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Masks are now sporadically seen in the United States.
Science & Health

Masks are now sporadically seen in the United States.

The scene: A crowded shopping center in the weeks before Christmas. Or a warehouse store. Or maybe a packed airport terminal or a commuter train station or another place where large groups gather.

There are many individuals present, but upon observation, it is evident that face masks are mostly missing in today’s society.

While there may still be a few exceptions, it’s nothing compared to the state of affairs during the first winter holidays of the COVID pandemic three years ago. It was a time of intense conflict, blame, and disdain from both sides of the argument surrounding masks in America.

As the year 2023 comes to a close, the anticipation of holiday festivities and large gatherings brings about a higher likelihood of unintentional sharing of air. Despite the lingering effects of COVID, mask-wearing has become less prevalent throughout the country. The idea of a widespread mask mandate seems like a distant memory, much like the Ghost of Christmas Past.

However, let’s consider it from a different perspective – nowadays, wearing masks has become a norm in America. Before the pandemic, masks were typically associated with Halloween or costume events, but now it has become a persistent habit that remains even though many people may not wear them regularly.

Brooke Tully, a strategist specializing in behavioral change, finds that aspect of the pandemic to be intriguing.

According to her, services such as food delivery have been around before COVID and were gradually becoming popular. However, wearing masks in the U.S. was not a common practice prior to COVID. It was a completely new behavior introduced during the pandemic, creating new norms.

The current state of affairs is characterized by its situational nature.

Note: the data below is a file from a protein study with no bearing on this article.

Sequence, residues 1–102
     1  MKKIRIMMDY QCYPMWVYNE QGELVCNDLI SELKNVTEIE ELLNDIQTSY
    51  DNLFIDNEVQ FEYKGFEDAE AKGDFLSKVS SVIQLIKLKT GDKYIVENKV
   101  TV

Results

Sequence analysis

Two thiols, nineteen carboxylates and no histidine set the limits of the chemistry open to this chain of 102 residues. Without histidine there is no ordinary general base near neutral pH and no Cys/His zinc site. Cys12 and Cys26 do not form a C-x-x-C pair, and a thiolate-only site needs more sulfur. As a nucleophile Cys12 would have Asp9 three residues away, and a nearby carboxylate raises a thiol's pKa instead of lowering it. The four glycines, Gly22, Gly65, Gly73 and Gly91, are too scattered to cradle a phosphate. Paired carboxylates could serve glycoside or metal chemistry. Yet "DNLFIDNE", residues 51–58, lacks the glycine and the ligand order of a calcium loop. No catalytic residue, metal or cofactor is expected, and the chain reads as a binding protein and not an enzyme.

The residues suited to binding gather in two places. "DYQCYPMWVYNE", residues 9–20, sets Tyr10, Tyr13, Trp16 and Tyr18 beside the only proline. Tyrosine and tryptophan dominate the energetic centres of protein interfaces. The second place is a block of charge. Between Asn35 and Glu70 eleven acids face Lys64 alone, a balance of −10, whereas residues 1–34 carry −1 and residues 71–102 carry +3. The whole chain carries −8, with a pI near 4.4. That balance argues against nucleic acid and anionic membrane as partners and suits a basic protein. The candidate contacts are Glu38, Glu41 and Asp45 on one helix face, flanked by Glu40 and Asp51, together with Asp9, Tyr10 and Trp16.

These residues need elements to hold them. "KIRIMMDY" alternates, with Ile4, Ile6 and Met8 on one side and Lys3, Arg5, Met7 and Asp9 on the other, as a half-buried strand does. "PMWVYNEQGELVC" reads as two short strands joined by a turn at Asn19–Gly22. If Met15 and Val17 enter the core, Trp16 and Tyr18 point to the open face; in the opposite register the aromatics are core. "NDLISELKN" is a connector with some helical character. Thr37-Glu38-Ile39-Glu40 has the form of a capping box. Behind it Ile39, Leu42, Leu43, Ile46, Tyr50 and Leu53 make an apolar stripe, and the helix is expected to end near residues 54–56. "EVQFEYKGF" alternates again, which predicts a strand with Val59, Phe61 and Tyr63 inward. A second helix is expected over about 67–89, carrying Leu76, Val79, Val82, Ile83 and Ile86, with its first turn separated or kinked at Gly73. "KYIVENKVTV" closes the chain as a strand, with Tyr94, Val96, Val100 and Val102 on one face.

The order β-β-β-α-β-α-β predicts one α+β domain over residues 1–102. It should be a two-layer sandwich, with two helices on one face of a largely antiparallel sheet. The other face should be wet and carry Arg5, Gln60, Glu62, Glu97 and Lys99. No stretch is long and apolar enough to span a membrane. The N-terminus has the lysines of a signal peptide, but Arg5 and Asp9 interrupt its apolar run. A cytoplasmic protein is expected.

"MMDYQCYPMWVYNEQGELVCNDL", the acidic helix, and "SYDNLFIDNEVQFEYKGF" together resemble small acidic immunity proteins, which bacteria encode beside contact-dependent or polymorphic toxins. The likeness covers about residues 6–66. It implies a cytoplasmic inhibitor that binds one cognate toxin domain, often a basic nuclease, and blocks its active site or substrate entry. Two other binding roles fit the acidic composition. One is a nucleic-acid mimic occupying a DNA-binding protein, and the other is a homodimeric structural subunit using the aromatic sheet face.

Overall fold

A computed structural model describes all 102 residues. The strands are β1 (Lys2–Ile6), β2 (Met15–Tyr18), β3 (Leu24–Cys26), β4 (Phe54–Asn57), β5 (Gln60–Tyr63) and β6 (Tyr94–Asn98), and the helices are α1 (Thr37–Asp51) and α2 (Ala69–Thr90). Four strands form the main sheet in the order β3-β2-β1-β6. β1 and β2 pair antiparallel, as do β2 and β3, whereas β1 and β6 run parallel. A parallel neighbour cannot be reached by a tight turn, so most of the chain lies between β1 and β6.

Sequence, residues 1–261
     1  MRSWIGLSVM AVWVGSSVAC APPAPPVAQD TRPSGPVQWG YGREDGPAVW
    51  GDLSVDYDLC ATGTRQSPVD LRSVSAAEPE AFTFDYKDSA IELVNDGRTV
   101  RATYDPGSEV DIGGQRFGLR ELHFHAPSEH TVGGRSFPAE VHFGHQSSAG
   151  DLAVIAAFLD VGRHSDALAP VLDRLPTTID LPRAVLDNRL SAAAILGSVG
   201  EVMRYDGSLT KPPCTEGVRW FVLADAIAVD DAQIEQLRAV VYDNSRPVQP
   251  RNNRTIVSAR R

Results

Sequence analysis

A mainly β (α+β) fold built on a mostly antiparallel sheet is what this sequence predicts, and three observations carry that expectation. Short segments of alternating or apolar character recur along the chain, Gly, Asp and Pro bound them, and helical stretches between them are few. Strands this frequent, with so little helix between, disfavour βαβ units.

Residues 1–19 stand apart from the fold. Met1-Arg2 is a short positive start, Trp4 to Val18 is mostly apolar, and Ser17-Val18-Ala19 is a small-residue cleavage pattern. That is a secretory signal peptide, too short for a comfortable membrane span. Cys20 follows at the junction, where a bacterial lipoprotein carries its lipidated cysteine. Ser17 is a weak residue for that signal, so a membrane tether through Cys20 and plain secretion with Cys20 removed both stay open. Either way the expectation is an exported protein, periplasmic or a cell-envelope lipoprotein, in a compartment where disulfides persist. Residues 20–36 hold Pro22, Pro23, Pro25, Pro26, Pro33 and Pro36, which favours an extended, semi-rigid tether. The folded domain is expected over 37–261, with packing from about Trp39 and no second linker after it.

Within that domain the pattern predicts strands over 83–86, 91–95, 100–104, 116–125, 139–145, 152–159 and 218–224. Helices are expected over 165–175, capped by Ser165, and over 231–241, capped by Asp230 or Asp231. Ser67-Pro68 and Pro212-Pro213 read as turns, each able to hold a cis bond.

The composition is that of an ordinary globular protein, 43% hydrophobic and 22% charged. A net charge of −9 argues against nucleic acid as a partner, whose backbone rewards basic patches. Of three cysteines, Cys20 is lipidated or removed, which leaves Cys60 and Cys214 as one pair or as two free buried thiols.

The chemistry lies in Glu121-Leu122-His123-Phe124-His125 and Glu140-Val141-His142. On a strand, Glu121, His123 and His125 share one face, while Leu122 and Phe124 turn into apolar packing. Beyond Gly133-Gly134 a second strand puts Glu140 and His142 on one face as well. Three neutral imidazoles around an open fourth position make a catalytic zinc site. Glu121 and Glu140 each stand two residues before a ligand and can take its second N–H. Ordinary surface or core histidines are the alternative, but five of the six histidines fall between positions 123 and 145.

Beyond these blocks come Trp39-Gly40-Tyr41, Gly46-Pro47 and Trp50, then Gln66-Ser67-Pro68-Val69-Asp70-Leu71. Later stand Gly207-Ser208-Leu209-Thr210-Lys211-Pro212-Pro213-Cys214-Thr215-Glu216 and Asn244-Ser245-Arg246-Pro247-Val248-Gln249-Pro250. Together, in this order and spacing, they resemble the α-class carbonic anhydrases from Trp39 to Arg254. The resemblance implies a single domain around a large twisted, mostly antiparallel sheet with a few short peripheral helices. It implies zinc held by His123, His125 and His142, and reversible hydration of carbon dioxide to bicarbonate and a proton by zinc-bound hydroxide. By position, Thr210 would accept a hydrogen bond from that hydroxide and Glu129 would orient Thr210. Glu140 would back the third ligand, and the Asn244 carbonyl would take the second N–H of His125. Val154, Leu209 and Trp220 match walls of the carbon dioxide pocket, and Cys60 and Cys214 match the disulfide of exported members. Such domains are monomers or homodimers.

The situation often varies, such as the recent choice made by the University of Pittsburgh Medical Center hospital system to require masks again at its locations beginning on December 20 due to a rise in respiratory infections. Sally Kiser, a 60-year-old from Mooresville, North Carolina who runs a home health care business, is affected by this decision.

“I never know,” she says, “so I always have one with me.”

She may not always choose to wear it, depending on the situation, but she will if she believes it is necessary. According to her, it’s a new way of thinking for our modern world.

Store clerks and shoppers wear masks at Brooklyn's Park Slope Co-Op grocery store, Dec. 7, 2023, in New York.

On December 7, 2023, in New York, employees and customers at Park Slope Co-Op grocery store in Brooklyn are seen wearing masks.

Not too long ago, the fear of contracting COVID-19 caused a surge in demand for masks. This led to terms like “N95” becoming familiar to us, along with ideas like mandatory mask-wearing. However, there was also strong backlash from those who believed it was an overreach of government authority.

After the mandates were lifted, people began to remove their masks and the need for them decreased. The demand decreased significantly, resulting in Project N95, a nonprofit created to assist individuals in finding reliable masks during the pandemic, announcing that they would cease sales on Monday due to lack of interest.

The executive director of the organization, Anne Miller, admits that she initially believed that wearing masks would be common, not uncommon.